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J Clin Invest. 2011 Apr;121(4):1456-70. doi: 10.1172/JCI43242.

NKp46 identifies an NKT cell subset susceptible to leukemic transformation in mouse and human.

Author information

  • 1Department of Molecular Virology, Immunology, and Medical Genetics, The Ohio State University, Columbus, Ohio, USA. Jianhua.yu@osumc.edu

Abstract

IL-15 may have a role in the development of T cell large granular lymphocyte (T-LGL) or NKT leukemias. However, the mechanisms of action and the identity of the cell subset that undergoes leukemic transformation remain elusive. Here we show that in both mice and humans, NKp46 expression marks a minute population of WT NKT cells with higher activity and potency to become leukemic. Virtually 100% of T-LGL leukemias in IL-15 transgenic mice expressed NKp46, as did a majority of human T-LGL leukemias. The minute NKp46+ NKT population, but not the NKp46⁻ NKT population, was selectively expanded by overexpression of endogenous IL-15. Importantly, IL-15 transgenic NKp46⁻ NKT cells did not become NKp46+ in vivo, suggesting that NKp46+ T-LGL leukemia cells were the malignant counterpart of the minute WT NKp46+ NKT population. Mechanistically, NKp46+ NKT cells possessed higher responsiveness to IL-15 in vitro and in vivo compared with that of their NKp46⁻ NKT counterparts. Furthermore, interruption of IL-15 signaling using a neutralizing antibody could prevent LGL leukemia in IL-15 transgenic mice. Collectively, our data demonstrate that NKp46 identifies a functionally distinct NKT subset in mice and humans that appears to be directly susceptible to leukemic transformation when IL-15 is overexpressed. Thus, IL-15 signaling and NKp46 may be useful targets in the treatment of patients with T-LGL or NKT leukemia.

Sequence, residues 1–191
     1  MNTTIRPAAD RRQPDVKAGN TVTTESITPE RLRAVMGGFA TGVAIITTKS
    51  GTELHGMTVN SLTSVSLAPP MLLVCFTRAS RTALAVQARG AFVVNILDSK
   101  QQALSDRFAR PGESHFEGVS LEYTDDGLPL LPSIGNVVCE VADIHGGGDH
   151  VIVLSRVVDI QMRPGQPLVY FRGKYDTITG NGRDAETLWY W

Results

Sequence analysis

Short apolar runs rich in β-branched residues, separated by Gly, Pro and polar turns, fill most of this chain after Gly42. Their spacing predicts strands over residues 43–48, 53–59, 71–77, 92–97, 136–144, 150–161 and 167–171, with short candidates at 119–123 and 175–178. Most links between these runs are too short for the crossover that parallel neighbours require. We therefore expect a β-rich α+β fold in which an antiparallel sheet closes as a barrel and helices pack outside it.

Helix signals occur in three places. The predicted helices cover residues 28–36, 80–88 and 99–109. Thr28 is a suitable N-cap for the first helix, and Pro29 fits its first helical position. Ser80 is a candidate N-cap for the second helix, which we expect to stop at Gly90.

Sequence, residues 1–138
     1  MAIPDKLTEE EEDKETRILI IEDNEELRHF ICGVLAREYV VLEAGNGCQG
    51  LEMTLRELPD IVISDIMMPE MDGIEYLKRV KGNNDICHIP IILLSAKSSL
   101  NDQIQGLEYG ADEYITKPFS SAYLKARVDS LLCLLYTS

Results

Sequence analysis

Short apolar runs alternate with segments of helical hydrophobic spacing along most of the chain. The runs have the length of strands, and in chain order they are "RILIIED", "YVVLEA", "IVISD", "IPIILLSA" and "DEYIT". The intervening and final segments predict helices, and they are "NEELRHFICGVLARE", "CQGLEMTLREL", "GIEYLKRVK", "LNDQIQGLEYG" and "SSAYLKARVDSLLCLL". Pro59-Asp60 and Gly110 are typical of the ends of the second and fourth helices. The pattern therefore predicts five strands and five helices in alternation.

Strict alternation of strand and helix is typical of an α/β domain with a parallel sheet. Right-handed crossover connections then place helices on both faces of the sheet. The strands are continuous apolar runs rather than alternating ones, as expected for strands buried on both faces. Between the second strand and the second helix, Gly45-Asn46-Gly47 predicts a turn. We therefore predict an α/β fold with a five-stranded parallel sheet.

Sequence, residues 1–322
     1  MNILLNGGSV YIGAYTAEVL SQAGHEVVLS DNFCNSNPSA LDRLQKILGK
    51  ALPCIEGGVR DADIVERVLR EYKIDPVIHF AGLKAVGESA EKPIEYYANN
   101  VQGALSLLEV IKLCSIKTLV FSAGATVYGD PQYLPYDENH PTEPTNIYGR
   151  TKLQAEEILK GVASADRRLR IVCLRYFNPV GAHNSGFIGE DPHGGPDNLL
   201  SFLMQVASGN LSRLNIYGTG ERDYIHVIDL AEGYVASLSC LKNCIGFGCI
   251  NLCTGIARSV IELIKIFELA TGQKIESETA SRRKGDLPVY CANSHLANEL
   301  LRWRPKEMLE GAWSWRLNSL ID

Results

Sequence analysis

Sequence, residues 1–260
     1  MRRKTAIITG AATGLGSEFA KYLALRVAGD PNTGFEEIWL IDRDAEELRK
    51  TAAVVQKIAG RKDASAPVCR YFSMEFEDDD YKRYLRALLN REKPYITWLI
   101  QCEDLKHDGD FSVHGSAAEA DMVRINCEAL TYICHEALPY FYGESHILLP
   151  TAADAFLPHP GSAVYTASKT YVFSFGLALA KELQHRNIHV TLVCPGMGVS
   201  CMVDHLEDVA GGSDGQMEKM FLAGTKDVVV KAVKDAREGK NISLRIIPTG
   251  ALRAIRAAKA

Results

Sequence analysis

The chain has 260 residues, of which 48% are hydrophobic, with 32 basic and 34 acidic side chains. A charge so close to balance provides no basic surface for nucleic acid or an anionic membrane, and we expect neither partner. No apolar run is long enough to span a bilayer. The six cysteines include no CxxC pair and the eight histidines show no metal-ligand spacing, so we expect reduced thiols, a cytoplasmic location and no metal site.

PMID:
21364281
[PubMed - indexed for MEDLINE]
PMCID:
PMC3069763
Free PMC Article

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